Monday, 23 August 2010

On attractions…

I’ve had any number of conversations with people recently about Lebanon, tourism, marketing of the country and the sights (and sites) to be seen here.

I’m a great fan of antiquity. I’ve seen the various Greek sites, Roman ruins, Druidic remains and Phoenician sites. Dotted all over the place, I’ve gone out of my way to visit important historical locales in any number of different countries.

And yet, there’s one right on our doorstep that isn’t given enough press around the world.


 Wait, don't tell me, I know where
they are...

Baalbek is about as good as it gets. Phoenician, Greek and Roman ruins. Inscriptions from historical figures. It’s all there.

Yet … it’s not marketed. Nobody knows about the place. When I first went home on holiday during my first stint in Beirut, I always encouraged (and still do) people to visit Lebanon. The answer’s always, “Why?”

Well, there’s Baalbek. It’s as impressive as the Athenian Acropolis, it’s older, too. There’s Byblos, the oldest inhabited place on the planet (OK, there are a lot of places that claim the same, but sod it, I’m biased). There’s Tyre: The site where Alexander the Great built a great big frickin’ causeway into the sea, literally leaving his mark on the world not to mention one of the largest hippodromes in the world. There’s the excavations in Downtown (a fully uncovered Roman bath complex for God’s sake). There’s Crusader castles, Ottoman palaces, ancient mosques and churches. Lebanon also claims the village in which Jesus turned water into wine. Saint George (England’s patron saint) was said to have fought the dragon here. Whatever your bent on history, it’s all here.

People tend to go quiet at that point. “Oh. Right. I didn’t know that.”

I’ve found getting around Lebanon’s, undeniably, violent past is comparatively easy. People tend to believe a long term expat.

That Lebanon’s ancient past is ignored amid the slew of marketing that generally aims at the “East meets West, Party Capital” bumpf is criminal. Yes, Beirut is a great party town. Yes, you should come and let your hair down. But there’s more to Lebanon than vodka shots, rooftop bars and exposed flesh.
 Lebanon's other famous columns...

That’s the wrong demographic to be targeting. People who are interested in coming to Beirut, and let’s face it, they might get out of the city for a day or two at most, aren’t spending significant amounts of cash. They’re young, they’re staying in hostels, and their cash goes into the sink holes that are Gemmayzeh/Monot/Hamra.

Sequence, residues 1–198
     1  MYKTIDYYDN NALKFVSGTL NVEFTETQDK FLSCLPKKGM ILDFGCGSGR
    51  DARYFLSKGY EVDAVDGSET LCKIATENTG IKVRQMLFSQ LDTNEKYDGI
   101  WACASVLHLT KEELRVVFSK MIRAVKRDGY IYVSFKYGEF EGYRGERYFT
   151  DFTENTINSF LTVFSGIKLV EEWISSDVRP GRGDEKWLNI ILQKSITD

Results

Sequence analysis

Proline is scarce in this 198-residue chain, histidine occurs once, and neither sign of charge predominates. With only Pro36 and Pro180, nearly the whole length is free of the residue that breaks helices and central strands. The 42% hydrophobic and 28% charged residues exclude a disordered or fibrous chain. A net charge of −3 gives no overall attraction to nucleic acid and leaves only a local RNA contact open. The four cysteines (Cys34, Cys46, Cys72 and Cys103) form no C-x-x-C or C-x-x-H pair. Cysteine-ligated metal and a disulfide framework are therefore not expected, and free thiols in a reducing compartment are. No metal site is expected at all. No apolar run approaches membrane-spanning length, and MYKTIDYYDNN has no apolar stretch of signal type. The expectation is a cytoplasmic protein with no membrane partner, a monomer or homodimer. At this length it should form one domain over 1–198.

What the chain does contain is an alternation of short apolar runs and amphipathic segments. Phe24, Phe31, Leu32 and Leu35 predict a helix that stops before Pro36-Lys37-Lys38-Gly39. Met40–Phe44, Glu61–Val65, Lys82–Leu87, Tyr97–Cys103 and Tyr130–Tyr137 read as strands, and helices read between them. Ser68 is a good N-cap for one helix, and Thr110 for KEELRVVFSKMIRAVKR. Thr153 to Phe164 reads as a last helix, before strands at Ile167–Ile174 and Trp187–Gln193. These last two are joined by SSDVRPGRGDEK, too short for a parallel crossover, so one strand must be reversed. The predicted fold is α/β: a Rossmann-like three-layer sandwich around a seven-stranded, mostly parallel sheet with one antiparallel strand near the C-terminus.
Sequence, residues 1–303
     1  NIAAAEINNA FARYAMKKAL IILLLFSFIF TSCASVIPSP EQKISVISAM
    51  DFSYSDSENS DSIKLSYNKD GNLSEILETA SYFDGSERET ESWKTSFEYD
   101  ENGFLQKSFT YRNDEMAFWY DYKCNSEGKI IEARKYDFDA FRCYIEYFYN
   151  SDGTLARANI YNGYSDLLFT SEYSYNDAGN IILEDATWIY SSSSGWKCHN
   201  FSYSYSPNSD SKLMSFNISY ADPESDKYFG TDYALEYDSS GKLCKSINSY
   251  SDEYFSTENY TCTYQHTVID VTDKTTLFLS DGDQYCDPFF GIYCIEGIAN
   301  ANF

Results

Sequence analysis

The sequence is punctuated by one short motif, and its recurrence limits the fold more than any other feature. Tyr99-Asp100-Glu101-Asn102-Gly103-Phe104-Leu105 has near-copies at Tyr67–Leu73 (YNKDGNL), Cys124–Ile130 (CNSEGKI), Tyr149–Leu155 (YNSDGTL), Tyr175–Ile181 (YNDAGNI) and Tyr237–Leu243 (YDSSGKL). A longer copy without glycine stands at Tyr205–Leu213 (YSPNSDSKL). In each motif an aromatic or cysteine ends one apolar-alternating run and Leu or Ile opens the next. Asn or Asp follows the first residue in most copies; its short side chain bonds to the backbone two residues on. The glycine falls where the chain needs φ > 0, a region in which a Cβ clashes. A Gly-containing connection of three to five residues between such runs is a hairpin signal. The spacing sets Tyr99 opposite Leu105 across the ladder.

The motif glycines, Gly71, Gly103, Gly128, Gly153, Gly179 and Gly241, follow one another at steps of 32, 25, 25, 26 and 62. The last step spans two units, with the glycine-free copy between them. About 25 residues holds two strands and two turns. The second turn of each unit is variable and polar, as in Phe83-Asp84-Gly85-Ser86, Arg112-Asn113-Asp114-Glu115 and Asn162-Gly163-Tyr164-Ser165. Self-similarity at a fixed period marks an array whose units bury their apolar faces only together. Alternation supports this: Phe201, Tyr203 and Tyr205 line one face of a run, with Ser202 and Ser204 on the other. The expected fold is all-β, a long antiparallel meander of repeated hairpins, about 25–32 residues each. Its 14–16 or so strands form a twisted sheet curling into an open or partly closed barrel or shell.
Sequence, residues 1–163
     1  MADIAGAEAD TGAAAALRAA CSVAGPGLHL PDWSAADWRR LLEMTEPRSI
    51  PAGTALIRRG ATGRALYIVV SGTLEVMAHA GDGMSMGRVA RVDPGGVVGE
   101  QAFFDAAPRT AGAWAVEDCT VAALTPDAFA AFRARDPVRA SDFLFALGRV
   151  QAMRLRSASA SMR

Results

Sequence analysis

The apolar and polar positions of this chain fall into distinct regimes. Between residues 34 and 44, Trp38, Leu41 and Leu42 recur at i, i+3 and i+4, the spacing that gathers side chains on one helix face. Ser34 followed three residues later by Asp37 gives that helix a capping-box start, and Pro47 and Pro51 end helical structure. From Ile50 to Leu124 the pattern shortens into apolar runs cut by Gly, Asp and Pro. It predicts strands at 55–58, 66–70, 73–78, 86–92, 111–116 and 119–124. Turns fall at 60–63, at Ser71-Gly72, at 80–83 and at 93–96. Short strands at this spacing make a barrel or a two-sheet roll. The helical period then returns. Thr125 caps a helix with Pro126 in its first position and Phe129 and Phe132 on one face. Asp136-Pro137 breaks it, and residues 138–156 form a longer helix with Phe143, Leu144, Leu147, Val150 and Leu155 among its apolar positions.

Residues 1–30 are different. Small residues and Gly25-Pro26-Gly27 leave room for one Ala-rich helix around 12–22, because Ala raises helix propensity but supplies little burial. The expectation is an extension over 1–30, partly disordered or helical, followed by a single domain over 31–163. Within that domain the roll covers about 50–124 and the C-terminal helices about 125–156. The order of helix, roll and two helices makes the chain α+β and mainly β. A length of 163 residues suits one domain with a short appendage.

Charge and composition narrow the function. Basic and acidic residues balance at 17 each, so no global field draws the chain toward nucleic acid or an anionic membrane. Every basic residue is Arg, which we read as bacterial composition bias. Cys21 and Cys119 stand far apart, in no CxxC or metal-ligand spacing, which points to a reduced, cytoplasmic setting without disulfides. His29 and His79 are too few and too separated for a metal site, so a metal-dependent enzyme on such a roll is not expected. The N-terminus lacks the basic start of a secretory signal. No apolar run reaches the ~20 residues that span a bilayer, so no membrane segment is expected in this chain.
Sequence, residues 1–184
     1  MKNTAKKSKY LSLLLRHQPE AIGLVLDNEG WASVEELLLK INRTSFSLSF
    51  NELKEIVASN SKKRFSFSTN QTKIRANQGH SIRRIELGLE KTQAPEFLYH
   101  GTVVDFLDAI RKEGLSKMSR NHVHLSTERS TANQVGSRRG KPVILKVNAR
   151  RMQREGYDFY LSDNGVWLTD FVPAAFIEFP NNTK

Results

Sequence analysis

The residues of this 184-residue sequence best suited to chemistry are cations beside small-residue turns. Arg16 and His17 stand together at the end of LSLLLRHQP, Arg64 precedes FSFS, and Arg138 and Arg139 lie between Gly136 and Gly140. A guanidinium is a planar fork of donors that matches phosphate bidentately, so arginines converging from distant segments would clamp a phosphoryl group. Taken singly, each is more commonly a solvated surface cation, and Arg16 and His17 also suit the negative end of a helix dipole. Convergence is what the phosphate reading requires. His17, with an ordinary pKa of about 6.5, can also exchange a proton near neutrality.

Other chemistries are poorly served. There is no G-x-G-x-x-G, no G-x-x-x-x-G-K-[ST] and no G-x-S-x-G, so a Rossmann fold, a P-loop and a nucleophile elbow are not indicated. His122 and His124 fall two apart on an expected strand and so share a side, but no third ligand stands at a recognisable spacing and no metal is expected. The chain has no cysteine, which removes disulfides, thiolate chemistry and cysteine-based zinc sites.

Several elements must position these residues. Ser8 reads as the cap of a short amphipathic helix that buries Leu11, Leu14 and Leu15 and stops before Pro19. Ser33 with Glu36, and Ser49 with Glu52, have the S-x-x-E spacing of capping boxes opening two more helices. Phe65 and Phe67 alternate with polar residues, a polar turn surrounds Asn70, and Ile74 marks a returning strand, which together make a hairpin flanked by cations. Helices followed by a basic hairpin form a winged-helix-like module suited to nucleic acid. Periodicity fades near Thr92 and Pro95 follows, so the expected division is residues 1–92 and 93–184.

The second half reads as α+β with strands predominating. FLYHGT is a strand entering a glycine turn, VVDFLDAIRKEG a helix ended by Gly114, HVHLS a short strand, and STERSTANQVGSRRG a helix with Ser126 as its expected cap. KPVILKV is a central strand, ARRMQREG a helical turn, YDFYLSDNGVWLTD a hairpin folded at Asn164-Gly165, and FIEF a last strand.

Lebanon should be pushing her ancient roots.

But, as this country is wont to do, the focus is all on the future. I understand why. But there’s a huge opportunity being missed.

My Lebanese friends often say that Baalbek (in particular) is known. They point to concerts held there. The whole country knows. People come home from the Gulf.

 That's it! The columns!
They were part of Mika's set! (SQUEAL!)

Well… yeah… Lebanese know about Baalbek. But then, Lebanese always knew about Baalbek. These same Lebanese don’t go there very often. It’s the ajnabee you need to get to Baalbek.

If you don’t, there’ll be no money to maintain the damn place over the long run. It’s already neglected. Case in point: Whenever my folks come to Lebanon (about twice a year) we always hit up Baalbek (among other places). The second time we went, the guide greeted my father and clearly remembered him, recounting a particular anecdote my father had told him the previous trip. … A guide … remembering a single tourist from six months previously….

Visiting the castle at Byblos I had to go find the kiosk guy in order to buy a ticket. At Beiteddine they had to go and find the tickets. At the hippodrome there were no tickets to be found. The guy didn’t know how much to charge. We had to get out our Lonely Planet (back in the day when Lebanon had its own edition) to show him how much the guidebook said was the going rate….


Not good. Not good.

 Lonely Planet editors: Not the
most politically sensitive...

Pop Quiz (Answer without resorting to Google)
Why is Nahr al Keleb (Dog River) named as it is?

Answers on a postcard, the winner gets a special prize.


This particular rant was brought to you by Chateaus Kouroum and Kefraya.

While taking a tour of Kefraya’s vineyard this weekend, we were told that the Lebanon had been the site of winemaking since Phoenician times. This was met with cries of incredulity from others on the tour. Hence the diatribe. Once the bulging vein on my forehead had receded I decided to blog… sorry, rant, on this issue.

Disclaimer: This is not a reflection on either Chateaus Kefraya or Kouroum. Though, the former is pretty pretentious.